Serendipity would intervene when Mr Radford spoke later about his case to a lawyer acquaintance who informed him the lead lawyer for the Wool Board, Alan Galbraith QC (right in photo), was the joint partner with Justice Wilson (left in photo) in one of the largest horse-breeding operations in New Zealand, namely Rich Hill Limited.  A check by Radford’s solicitor of the Companies Office records indeed showed Wilson and Galbraith as 50/50 partners in the venture.  Radford had noticed Galbraith had not been involved in the case until it was heard before his long-term business partner Justice Wilson at the Court of Appeal level.  Nor was Galbraith involved in opposing Radford’s application for leave to the Supreme Court (which was denied).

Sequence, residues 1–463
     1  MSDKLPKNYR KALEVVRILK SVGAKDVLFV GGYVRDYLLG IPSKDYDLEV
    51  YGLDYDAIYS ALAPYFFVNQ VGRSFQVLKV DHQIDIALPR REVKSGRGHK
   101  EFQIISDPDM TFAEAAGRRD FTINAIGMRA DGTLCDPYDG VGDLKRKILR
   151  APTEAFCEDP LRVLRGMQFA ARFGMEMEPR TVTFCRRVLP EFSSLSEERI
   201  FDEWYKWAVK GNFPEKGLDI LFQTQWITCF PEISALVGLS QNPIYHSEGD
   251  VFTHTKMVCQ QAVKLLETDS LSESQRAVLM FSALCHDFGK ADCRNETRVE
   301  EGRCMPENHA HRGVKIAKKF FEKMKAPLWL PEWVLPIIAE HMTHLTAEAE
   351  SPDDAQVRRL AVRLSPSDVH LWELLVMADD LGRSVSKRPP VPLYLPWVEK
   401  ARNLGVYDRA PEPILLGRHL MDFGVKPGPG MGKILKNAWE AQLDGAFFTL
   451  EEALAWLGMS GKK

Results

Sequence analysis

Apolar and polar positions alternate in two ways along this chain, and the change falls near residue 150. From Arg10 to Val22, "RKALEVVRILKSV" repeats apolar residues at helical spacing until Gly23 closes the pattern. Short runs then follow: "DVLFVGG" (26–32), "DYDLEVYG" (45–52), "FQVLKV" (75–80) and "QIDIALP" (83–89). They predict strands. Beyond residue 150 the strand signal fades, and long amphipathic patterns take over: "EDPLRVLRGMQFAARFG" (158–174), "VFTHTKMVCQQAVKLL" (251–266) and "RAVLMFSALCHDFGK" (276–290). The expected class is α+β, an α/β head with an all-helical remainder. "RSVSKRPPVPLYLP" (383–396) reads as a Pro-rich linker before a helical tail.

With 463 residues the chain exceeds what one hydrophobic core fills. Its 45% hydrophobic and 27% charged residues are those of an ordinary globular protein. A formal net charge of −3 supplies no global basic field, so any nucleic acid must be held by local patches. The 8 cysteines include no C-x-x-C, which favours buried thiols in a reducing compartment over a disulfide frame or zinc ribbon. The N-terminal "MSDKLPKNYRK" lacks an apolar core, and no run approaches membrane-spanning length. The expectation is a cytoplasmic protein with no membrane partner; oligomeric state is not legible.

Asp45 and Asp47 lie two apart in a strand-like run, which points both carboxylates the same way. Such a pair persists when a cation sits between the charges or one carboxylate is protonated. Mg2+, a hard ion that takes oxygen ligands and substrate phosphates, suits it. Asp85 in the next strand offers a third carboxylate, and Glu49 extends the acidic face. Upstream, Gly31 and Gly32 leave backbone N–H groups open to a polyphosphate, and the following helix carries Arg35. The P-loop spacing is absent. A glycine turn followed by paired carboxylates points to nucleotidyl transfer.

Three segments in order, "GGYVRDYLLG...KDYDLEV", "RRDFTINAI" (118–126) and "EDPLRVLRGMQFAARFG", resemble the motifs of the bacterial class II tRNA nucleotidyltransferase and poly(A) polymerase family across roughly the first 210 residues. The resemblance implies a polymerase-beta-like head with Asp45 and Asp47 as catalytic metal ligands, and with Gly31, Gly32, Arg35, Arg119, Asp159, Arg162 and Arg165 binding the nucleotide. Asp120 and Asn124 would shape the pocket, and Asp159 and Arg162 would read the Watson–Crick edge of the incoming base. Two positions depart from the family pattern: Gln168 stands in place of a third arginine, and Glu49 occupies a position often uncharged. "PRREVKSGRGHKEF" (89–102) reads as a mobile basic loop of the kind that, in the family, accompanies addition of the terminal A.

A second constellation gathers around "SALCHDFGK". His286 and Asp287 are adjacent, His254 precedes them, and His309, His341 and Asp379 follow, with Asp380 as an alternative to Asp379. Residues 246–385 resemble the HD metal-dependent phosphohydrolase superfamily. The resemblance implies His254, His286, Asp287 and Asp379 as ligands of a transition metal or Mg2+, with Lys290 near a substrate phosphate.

With this new information, Radford was devastated and his faith in an impartial Court justice soundly shaken.  As Peter Radford now alleges in his 21 August 2008 affidavit lodged with the Supreme Court, in support of leave to overturn the judgment of the Court of Appeal for perceived bias, the law compelled Wilson to recuse himself from hearing the case.  It is acknowledged that Wilson J approached Radford’s counsel Francis Cooke QC shortly before the appeal to divulge that he had a shared investment in bloodstock with opposing counsel, but the extensive financial and intimate degree of the active business relationship was not disclosed.  In fact, it was downplayed.